Associations Between Gastritis, Temperament, and Management Risk Factors in Captive Cheetahs (Acinonyx jubatus)
American Association of Zoo Veterinarians Conference 2014
Karen A. Terio1, DVM, PhD, DACVP; Jessica C. Whitham2, PhD; Julia Chosy3, PhD; Carlos Sanchez4, DVM; Laurie Marker5, PhD; Nadja Wielebnowski6, PhD
1Zoological Pathology Program, University of Illinois, Maywood, IL, USA; 2Chicago Zoological Society, Brookfield Zoo, Brookfield, IL, USA; 3Davee Center for Epidemiology and Endocrinology, Lincoln Park Zoo, Chicago, IL, USA; 4Veterinary Services, Fort Worth Zoo, Fort Worth, TX, USA; 5Cheetah Conservation Fund, Otjiwarongo, Namibia; 6Oregon Zoo, Portland, OR, USA
Captive cheetahs commonly have gastritis associated with Helicobacter infection that is thought, in part, to be associated with stress responses. The impact of temperament and management on stress responses and gastritis was evaluated by assessing temperament, fecal glucocorticoid metabolites, and gastric biopsies in 36 (18.18) captive cheetahs housed at six captive facilities. Study animals ranged from 3–14 years (average 7.4) and had no other clinically apparent disease at the time of study. Male cheetahs were more likely (p=0.0237) to have more severe gastritis. Gastritis severity was positively correlated with high individual temperament scores for the adjectives “eccentric” (r=0.4141; p=0.0134) and “easy to work with” (r=0.3672; p=0.03) and negatively correlated with “excitable” and “aggressive” (r=-0.5259; p=0.0012). Thus, cheetahs with a behavioral phenotype, more often seen in wild-caught cheetahs, had lower levels of gastritis. A similar negative correlation with “aggressive” was noted with glucocorticoid concentrations (p=0.0505). Specific management variables that positively correlated with gastritis included the number of institutions an animal had been housed at during its lifetime (r=0.4712; p=0.0075), the degree of public exposure (r=0.3749; p=0.0265), and density of cheetahs (r=0.4594; p=0.0055), while enclosure size was negatively correlated (r=-0.4206; p=0.0206) (e.g., cheetahs with severe gastritis were more likely to live in smaller enclosures). In contrast, cheetahs with opportunities for exercise had lower fecal glucocorticoid concentrations (p=0.0014). By considering these management risk factors, incorporating an individual’s temperament into housing determinations, and implementing exercise programs, we should be able to significantly improve the health and well-being of our captive cheetah population.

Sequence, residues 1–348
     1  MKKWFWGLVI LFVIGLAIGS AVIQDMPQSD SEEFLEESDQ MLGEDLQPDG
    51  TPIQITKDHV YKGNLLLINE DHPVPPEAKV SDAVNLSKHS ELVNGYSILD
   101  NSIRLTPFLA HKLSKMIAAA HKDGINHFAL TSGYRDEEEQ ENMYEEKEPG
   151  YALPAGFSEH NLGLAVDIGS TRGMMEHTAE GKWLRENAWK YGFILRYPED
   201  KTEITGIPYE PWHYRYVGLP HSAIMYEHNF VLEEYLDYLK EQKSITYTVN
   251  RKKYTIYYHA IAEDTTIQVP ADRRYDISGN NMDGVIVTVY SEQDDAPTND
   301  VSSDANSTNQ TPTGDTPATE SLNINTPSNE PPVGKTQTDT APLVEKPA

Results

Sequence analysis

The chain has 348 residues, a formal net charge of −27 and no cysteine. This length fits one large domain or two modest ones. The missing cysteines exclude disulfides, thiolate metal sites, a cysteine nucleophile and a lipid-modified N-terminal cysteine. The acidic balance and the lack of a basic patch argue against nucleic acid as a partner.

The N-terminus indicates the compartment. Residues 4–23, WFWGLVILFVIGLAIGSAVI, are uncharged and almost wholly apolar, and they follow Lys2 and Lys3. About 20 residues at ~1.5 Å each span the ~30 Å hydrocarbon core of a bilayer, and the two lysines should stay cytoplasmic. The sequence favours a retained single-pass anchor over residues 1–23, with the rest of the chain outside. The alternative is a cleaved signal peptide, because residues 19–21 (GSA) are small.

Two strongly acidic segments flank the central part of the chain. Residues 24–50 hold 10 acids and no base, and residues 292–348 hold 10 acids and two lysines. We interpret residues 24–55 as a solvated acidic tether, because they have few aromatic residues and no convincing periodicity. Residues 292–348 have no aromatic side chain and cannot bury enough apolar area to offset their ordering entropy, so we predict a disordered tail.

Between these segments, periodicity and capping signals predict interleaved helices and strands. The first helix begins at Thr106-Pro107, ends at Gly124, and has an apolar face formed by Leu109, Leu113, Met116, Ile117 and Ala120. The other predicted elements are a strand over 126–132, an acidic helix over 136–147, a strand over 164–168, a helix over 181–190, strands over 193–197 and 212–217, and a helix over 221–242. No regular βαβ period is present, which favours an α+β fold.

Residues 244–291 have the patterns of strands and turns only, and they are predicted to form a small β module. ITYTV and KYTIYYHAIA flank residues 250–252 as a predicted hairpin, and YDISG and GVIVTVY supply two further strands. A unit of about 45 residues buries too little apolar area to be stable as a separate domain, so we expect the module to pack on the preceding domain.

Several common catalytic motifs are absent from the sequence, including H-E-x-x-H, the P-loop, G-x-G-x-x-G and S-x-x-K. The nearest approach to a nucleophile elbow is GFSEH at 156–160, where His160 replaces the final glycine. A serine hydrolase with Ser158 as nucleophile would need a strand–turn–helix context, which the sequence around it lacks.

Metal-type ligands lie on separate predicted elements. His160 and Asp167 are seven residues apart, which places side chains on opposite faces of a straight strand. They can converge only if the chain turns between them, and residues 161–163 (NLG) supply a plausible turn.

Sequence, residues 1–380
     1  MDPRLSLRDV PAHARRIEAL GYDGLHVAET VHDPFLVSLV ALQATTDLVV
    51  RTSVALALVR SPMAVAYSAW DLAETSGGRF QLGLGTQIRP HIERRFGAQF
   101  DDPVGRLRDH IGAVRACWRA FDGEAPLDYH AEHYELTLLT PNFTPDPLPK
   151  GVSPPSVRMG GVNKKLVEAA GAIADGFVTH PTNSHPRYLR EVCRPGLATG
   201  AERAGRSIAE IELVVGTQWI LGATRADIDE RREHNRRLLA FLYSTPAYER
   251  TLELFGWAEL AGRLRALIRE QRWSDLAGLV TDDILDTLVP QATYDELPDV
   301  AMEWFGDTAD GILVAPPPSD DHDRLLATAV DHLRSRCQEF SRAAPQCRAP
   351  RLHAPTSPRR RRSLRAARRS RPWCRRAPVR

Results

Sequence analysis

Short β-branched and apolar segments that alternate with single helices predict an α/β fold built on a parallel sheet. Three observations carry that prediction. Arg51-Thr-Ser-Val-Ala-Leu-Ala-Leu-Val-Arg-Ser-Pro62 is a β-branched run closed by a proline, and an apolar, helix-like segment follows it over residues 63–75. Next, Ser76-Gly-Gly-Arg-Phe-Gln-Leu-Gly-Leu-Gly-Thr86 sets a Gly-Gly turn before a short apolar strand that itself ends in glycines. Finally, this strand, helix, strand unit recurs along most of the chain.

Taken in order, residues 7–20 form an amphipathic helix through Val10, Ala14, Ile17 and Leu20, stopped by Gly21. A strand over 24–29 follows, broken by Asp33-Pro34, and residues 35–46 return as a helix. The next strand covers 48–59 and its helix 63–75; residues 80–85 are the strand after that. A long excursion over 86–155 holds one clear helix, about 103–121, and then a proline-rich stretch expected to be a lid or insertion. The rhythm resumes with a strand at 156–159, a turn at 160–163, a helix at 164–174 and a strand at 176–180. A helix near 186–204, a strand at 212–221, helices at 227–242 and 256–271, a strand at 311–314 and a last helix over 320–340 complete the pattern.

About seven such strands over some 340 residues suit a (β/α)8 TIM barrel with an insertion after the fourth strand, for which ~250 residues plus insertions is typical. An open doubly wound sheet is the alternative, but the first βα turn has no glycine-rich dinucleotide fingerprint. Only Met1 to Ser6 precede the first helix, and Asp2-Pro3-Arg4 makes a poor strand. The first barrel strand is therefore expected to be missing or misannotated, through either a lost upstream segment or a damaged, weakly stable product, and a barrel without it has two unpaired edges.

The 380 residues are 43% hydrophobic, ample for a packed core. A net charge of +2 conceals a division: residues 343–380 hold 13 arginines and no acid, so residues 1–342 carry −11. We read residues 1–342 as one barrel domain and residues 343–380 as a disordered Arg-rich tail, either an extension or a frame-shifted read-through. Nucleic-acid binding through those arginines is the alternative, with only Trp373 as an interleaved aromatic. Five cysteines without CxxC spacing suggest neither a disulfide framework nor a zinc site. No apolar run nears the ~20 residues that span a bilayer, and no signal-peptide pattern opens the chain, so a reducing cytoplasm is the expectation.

Thank you to the cheetahs, animal care and veterinary staffs at Cheetah Conservation Fund, Fort Worth Zoo, Fossil Rim Wildlife Center, Smithsonian Conservation Biology Institute, Smithsonian National Zoological Park, Saint Louis Zoo, and White Oak Conservation Center for participating in this study. This study was made possible through support from Morris Animal Foundation, the global leader in supporting science that advances veterinary medicine. The authors thank Stacy Schultz, Jocelyn Bryant, and the University of Illinois Veterinary Diagnostic Laboratory Histology Laboratory for superb technical assistance. At the time of this study, Dr. Sanchez was affiliated with the Smithsonian Institution’s National Zoological Park, and Dr. Wielebnowski was affiliated with the Chicago Zoological Society, and we thank these institutions for their support of this research.